Engaging with Aboriginal and Torres Strait Islander communities
Each of the community focus groups devoted considerable discussion to the issue of community consultation, with all agreeing that this is a clear priority for health professionals.
People need to know what's around in this local area, like sites, who are the key people; you need to touch base with Aboriginal organisations and key people in the community
However, each group spoke about the diverse nature of Aboriginal community composition, particularly in more urbanised areas heavily effected by by multiple influxes of Aboriginal and Torres Strait Islander peoples from other regions. They also identified the important role played by all Aboriginal organisations in improving health. Consistent with community views Wand and Eades (2008, 585) have commented:
Identifying who represents a particular community may be complex. In some areas this role may not belong to an Aboriginal community-controlled health service, but to a council or other community authority.
Activity: Land Councils
Aboriginal Land Councils play a significant role in their communities.
Activity: Using Aboriginal Symbols
Making Two Worlds Work: Building the capacity of the health and community sector to work effectively and respectfully with our Aboriginal Community is an award winning collaboration that has produced resources to inform good practice when engaging with Aboriginal people and communities. Among their strategies is the use of art to reflect program goals in a culturally appropriate manner
Building Trusting Relationships with Aboriginal and Torres Strait Islander Communities
Creating trusting professional relationships with any community is challenging. With Aboriginal and Torres Strait Islander communities, these relationships can be affected by:
- Legacies of historical poor treatment and disempowerment;
- Cross-cultural issues in communication and appropriate treatment;
- Ongoing funding instability;
- Policies that don't reflect local priorities, and
- ;Internal community conflicts.
While these difficulties can make health service providers cautious when engaging with Aboriginal and Torres Strait Islander communities, it is important that clear changes in policy and practice are occurring in the Australian Health system. Extensive consultation with communities and service providers have contributed to Guides and Checklists for new initiatives help to provide a structure for developing programs and relationships.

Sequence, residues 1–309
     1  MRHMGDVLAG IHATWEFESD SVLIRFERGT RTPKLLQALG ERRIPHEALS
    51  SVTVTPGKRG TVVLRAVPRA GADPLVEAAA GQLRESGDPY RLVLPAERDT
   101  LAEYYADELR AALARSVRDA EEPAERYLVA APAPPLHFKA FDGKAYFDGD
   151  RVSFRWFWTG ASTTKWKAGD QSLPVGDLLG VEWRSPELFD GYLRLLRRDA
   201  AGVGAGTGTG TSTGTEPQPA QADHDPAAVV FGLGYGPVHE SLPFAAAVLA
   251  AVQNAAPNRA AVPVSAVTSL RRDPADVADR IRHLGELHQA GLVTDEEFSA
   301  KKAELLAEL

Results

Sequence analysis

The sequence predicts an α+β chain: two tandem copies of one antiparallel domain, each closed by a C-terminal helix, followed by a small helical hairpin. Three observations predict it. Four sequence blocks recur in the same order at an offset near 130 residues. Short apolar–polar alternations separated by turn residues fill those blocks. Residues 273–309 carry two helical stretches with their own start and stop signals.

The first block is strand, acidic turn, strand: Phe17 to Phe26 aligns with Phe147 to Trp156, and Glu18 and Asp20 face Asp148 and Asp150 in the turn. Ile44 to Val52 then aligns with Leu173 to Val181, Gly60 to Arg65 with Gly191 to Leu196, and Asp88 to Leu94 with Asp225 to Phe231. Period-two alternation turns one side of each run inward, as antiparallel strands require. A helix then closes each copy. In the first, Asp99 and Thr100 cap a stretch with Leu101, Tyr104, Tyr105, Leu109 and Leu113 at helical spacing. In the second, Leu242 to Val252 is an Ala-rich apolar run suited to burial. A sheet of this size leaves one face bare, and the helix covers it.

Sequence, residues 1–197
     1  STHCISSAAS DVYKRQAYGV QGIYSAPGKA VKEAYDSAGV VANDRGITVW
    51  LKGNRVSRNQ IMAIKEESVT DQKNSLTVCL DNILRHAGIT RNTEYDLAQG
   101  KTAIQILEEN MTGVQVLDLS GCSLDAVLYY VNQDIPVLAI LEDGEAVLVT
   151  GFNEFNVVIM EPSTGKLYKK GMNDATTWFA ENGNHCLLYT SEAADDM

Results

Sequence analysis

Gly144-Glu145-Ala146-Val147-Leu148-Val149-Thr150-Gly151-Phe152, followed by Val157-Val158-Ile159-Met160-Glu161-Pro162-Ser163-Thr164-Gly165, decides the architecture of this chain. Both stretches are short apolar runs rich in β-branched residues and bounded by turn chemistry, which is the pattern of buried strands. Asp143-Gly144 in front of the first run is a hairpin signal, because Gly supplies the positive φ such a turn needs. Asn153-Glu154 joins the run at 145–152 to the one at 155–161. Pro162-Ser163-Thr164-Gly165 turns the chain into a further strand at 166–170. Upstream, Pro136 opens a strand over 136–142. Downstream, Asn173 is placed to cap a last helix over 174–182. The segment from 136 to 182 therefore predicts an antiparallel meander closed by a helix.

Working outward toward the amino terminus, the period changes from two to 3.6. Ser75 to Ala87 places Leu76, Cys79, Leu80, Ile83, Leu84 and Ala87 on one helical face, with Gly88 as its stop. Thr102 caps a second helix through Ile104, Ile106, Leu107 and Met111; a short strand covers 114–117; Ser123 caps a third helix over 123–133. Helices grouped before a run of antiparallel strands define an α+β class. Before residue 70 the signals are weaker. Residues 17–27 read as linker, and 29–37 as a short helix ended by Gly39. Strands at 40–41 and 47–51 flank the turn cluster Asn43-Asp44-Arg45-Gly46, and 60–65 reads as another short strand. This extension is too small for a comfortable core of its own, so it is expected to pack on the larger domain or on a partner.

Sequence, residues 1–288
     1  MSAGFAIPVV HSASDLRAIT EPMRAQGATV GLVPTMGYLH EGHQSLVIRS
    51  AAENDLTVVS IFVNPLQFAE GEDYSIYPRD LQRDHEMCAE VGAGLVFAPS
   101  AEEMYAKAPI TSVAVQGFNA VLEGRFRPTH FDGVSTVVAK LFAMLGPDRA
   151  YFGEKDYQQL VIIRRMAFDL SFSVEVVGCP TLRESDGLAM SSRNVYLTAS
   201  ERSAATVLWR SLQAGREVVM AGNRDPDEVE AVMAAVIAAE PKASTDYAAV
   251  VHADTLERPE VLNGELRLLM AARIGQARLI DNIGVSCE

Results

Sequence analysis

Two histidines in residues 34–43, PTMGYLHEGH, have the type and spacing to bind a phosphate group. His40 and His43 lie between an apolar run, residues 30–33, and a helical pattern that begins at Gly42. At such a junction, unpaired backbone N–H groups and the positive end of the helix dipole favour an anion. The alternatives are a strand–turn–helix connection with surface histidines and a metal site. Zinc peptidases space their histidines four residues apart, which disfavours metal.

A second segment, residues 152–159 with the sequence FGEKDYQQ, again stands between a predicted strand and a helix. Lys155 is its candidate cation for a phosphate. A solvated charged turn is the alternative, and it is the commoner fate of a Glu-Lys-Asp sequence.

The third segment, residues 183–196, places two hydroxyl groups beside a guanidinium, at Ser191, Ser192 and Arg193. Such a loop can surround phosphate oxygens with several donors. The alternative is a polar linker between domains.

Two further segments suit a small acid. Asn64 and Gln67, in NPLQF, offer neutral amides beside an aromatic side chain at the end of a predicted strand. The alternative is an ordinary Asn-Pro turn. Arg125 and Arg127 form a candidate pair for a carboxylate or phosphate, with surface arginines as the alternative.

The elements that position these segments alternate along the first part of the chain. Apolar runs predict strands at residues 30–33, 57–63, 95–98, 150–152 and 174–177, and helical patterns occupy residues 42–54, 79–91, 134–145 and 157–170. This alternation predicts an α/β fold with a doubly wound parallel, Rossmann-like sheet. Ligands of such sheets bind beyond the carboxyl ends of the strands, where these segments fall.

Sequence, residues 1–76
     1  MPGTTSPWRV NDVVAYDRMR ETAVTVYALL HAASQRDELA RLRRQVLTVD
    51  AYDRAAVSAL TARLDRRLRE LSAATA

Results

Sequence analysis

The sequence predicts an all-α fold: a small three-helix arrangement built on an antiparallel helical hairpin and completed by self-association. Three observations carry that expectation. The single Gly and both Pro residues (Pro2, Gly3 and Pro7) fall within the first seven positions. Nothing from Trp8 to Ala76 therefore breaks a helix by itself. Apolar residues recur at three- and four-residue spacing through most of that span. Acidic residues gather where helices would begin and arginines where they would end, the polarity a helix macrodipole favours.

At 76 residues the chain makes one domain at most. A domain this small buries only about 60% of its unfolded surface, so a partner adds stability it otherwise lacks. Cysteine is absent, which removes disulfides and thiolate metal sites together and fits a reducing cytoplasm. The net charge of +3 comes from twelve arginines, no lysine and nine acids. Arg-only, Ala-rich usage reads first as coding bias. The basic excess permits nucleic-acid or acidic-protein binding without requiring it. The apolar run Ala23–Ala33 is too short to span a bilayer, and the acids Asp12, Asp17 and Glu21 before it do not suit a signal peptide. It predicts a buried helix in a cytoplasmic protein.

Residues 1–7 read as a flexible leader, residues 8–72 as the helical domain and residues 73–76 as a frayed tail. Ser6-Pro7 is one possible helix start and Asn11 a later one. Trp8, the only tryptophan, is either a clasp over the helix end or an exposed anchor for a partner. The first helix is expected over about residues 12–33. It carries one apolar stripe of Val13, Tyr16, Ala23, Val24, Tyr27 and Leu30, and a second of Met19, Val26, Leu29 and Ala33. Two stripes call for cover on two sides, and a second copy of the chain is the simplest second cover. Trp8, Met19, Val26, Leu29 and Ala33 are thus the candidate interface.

For an example of relationship building and consultation in strategic development with Aboriginal communities see the NSW Health Aboriginal Health Impact Statement and Guidelines
There is a perception in mainstream Australia that Aboriginal and Torres Strait Islander communities do not want non-Indigenous people involved in health service provision or policy making. In contrast, many of our community members recognised the need for non-Aboriginal professionals to be part of addressing Aboriginal and Torres Strait Islander health needs. A practicing Aboriginal GP spoke highly of his non-Indigenous colleagues who provided services to Aboriginal people.
Focus group members cautioned that in building relationships, community opinions need to be listened to and respected. One elder commented:
We have to use people who have those skills… but please respect and understand that the grass roots level people - we still know the issues. And please hear us out. Don't think that we're speaking in the wrong way, but trying to ensure that you understand we need you, you need us and we all work together for the whole circle.
Members of the national Aboriginal and Torres Strait Islander Health community have also highlighted the importance of partnerships with Australian peak health bodies (For more information see Mackean et..al. (2008 554-5). Our community members and their organisations are enacting these linkages at a localised level with one saying:
We build partnerships with NSW Health, Area Health and a number of different health organisations, even some of the local clinics…
Think of a personal or professional relationship where you felt you could trust another person.
Examine at least one of the following best practice guides, and make your own list of good practices for developing trusting relationships with Aboriginal and Torres Strait Islander people